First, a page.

Saddleback — One of the Most Influential Ewes in North America

by Susan Briggs (2001)
Image of Saddleback (STS7A)

“Saddleback” STS7A (Yeoman Ewe BL/WT 7A 419949) who was named for her black saddle-spotting pattern, has influenced the Icelandic breed in North America because of the quality and quantity of her offspring. Not only is she prolific but her offspring are passing these attributes on to their progeny. In 8 years she has produced 14 lambs, 12 of which are registered (2,1,2,2,2,2,2,1). She was born and raised by Stefania Dignum of Yeoman Farm where she has spent her whole life. Her offspring in turn have produced 181 registered offspring so far. Since Saddle back is still producing the final count is yet to be tallied.

Saddleback is a spotted black polled twin carrying moorit, whose sire was imported ram Iceland Ram LV 723 (365256). Her dam was STS73X (Yeoman Ewe 73X 383669) who produced 4 wonderful ewe lambs: Saddleback, Saddleback’s littermate and full sister STS8A (6 registered offspring), STS18Z (had 12 lambs of which 10 were registered) and STS19Z (had 17 lambs of which 8 were registered). STS18Z and STS19Z were sired by a different sire, STS91X. All of these daughters of STS73X produced copious amounts of milk for their lambs, sometimes at the expense of their own bodies. Saddleback however, managed to stay in good condition while producing fabulous lambs.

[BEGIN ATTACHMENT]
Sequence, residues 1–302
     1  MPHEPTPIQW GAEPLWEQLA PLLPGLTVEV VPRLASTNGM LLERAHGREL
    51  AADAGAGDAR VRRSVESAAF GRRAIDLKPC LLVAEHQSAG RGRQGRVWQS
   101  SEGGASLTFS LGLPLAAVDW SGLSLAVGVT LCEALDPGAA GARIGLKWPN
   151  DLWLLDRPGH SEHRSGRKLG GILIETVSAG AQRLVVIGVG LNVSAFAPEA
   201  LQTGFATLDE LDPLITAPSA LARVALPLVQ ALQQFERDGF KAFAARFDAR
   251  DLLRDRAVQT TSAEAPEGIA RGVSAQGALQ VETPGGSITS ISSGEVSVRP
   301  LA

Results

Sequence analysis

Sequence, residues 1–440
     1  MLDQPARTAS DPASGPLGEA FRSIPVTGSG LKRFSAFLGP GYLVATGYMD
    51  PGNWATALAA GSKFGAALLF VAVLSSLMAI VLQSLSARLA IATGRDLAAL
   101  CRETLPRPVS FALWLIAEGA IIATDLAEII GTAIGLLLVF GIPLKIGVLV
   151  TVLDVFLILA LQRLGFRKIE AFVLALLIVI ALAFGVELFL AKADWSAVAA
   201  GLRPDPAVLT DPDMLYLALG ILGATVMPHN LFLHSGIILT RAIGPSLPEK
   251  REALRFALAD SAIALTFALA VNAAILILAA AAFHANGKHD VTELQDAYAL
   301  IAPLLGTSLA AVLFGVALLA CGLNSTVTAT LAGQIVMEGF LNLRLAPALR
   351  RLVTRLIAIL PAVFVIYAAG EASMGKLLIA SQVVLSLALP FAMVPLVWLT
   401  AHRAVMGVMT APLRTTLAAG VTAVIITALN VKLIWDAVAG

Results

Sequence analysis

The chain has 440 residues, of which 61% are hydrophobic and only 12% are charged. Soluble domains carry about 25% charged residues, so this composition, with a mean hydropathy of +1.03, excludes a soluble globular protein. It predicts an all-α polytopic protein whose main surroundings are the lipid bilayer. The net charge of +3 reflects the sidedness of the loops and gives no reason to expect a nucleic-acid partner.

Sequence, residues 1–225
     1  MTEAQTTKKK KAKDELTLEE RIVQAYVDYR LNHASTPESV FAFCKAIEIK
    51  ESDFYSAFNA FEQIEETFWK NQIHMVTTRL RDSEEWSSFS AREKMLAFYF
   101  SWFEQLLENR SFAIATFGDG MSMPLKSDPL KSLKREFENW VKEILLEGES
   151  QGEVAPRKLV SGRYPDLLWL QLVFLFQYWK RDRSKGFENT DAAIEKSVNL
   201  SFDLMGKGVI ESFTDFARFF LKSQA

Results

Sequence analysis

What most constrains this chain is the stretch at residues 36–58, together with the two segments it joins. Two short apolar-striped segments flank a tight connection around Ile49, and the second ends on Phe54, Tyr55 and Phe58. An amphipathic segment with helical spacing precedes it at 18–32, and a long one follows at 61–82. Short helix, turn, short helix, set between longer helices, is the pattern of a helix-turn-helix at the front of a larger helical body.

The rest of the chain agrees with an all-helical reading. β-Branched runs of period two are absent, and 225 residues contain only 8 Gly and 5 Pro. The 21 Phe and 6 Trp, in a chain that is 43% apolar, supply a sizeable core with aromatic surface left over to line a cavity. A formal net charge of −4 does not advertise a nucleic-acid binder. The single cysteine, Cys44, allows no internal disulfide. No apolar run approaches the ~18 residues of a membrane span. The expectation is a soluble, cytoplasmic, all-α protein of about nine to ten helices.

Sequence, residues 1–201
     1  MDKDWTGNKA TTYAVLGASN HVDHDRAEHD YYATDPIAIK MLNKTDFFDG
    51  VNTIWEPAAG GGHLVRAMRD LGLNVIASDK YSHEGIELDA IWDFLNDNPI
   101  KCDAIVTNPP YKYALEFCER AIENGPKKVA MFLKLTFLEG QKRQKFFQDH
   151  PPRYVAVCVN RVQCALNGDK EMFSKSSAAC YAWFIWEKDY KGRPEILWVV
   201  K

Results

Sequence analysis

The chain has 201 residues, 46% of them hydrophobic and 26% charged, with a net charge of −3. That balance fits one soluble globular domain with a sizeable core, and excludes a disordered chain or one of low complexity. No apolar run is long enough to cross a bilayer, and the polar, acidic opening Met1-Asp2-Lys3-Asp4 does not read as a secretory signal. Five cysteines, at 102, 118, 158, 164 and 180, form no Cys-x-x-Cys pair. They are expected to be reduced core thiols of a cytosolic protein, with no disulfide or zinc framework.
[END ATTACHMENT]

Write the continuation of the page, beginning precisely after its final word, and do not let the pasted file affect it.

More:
Image of Saddleback (STS7A)

As a lamb she was offered for sale to Barbara Webb who passed her by. So, she has spent her whole life at Yeoman Farm. Saddleback started her 8 years of steady production as a 2 year old. She was bred to 8 different rams and all of the resulting offspring are outstanding. This is unusual as some bloodlines nick better than others and lambs sired by different sires will usually differ widely. But not so with Saddleback. All of her offspring have been outstanding. Interestingly, her lambing date is fairly consistent: April15, April 13th, April 18th, May 1st, April 15th, April 27th, April 20th. Her lifetime lambing average is 175 % so far.

Some of Saddleback’s offspring have developed a white nose spot with age. This is not true spotting as such but a white patch that develops on the top of the nose with age.

The quality of her lambs is reflected in the fact that most all of them have been registered, with the rams becoming top sires in several large flocks. Had the ram lambs not been of this top quality they would have surely gone to slaughter. You will notice that most named and treasured by their owners.

Year Ram Offspring

STS10A (Yeoman Ram Grey 10A 419965) — A grey son of STS11Z (see images below), a very productive ewe (produced 13 lambs of which 10 were registered lamb) who carried the gene for the non-silvering.

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This mating resulted in twins born on April 15th, 1993.